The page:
F1: Lewis Hamilton goes cross-country skiing
Lewis Hamilton is reportedly set to sign a new contract with Mercedes ahead of the 2021 season, one in which he can make history as he guns for his eighth world title.
Express Sport understands that there has never been any danger of Hamilton quitting. But while that is the case, it does not mean that the negotiations have been straightforward.
In fact, it has been quite the opposite, especially considering reports of the latest clause included in the prospective deal.
According to F1 Insider via GP Blog, Hamilton will sign a one-year deal with Mercedes with an option for another year.
The deal includes a £40million salary, which is what he was paid previously, but also includes two added incentives.
One of these is the opportunity to place two personal sponsorships on his helmet and overall. The other, which is more dramatic and pertinent, is Hamilton’s request for a veto clause related to who his team-mate will be beyond the 2021 season.
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The clause, which is known as the ‘Max Verstappen Clause’ due to Hamilton and Mercedes team principal Toto Wolff’s differing views on the Red Bull star, allows the Brit to essentially select who his team-mate is.
This could have huge ramifications throughout the grid-wide F1 driver line-up.
Of course, there is the immediate impact on Verstappen. While the Dutchman is contracted through the 2023 season with Red Bull, Dutch outlet De Telegraaf reported last year that he has an exit clause at the end of the 2021 campaign. Moreover, Wolff has spoken extremely positively about Verstappen’s ability, and it is no secret that he is a keen admirer of his qualities.
Hamilton is now 36 and Mercedes will have to start making succession plans, at least in thought if not in deed. These could include Verstappen, who may find himself frustrated at the lack of performance of the Red Bull relative to the dominant Mercedes.
There is also the future of Hamilton’s current team-mate, Valtteri Bottas, to consider.
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Bottas has improved year on year as Hamilton’s understudy. He signed a one-year extension midway through last season and will be hoping to earn a seat in the 2022 car and beyond
If Hamilton has a say in who his team-mate is, Bottas might well fancy his chances. Hamilton has a far more harmonious relationship with him than he did with Nico Rosberg and has spoken tremendously positively about the Finn’s ability as recently as late last year.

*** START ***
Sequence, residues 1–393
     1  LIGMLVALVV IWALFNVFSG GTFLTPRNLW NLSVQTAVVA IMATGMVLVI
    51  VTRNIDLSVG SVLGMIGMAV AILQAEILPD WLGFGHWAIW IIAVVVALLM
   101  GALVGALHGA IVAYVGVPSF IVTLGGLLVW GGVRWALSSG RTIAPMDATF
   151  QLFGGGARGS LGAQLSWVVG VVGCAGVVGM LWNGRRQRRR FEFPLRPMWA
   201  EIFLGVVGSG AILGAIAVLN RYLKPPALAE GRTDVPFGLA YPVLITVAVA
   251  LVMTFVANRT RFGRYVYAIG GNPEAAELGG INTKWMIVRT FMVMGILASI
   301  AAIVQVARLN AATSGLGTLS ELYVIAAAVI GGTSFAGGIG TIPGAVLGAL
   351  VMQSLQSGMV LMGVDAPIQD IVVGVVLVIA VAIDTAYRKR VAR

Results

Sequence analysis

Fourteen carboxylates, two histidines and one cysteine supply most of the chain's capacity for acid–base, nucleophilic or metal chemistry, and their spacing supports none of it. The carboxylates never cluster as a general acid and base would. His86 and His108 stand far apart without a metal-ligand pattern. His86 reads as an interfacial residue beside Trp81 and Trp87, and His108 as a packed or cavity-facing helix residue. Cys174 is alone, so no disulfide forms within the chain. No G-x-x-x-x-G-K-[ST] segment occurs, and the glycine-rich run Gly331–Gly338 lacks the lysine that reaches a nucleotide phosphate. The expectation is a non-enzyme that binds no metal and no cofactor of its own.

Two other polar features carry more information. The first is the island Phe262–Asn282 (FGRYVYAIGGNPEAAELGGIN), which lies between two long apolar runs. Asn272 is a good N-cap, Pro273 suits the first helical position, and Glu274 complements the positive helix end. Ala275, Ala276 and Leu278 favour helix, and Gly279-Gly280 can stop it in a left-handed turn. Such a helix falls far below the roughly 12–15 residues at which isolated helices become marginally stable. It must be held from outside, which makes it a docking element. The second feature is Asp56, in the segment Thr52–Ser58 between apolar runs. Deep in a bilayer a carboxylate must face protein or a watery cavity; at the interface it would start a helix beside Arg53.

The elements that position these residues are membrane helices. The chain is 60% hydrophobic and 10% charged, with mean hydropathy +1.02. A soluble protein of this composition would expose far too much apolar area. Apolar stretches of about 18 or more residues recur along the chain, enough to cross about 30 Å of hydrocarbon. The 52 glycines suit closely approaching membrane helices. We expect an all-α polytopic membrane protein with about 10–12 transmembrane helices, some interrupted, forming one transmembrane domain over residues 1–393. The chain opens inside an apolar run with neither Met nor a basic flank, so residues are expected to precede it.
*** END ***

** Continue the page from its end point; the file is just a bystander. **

“When I talk about people need to give Valtteri his due respect,” he said, as reported by Formula 1. “I think you’ve got to remember who he’s driving up against; it’s not easy being my team-mate, you know?
“But he comes in, weekend in, weekend out, with the same mentality, he’s never moaning, complaining that something’s wrong with the car, it’s always ‘I’ve got to do a better job’, and I don’t know any driver that does that.”
And then there is the spanner in the works of George Russell. The Williams driver impressed hugely in Hamilton’s stead at the Sakhir Grand Prix last year and is widely viewed as the natural successor to the seven-time world champion.
However, Hamilton, as ruthlessly competitive as he is, might not want to have the young upstart enter alongside him, just as he did to Fernando Alonso all those years ago.
And make no mistake, the view on Russell is extremely high. Damon Hill proclaimed “a star was born” to the In The Pink Podcast while Christian Horner pointedly used Rusell’s performance to argue that Verstappen is superior to Hamilton.
Hamilton himself spoke glowingly about Russell’s performance. “I think George did an amazing job, I think everybody knows that,” he said, as reported by Sky Sports, upon his return to the Mercedes paddock.
Hamilton’s praise of his compatriot is likely just lip service. He is hardly going to chew out a young driver in his own team.
And in reality, Hamilton should view Russell — and Verstappen — as a threat. That is precisely what they are, whether he likes it or not.
As such, in Mercedes’ search for a Hamilton foil and successor, that Hamilton himself might well have a say in the matter could utterly transform the present and futures of Mercedes, Verstappen, Bottas, and Russell.
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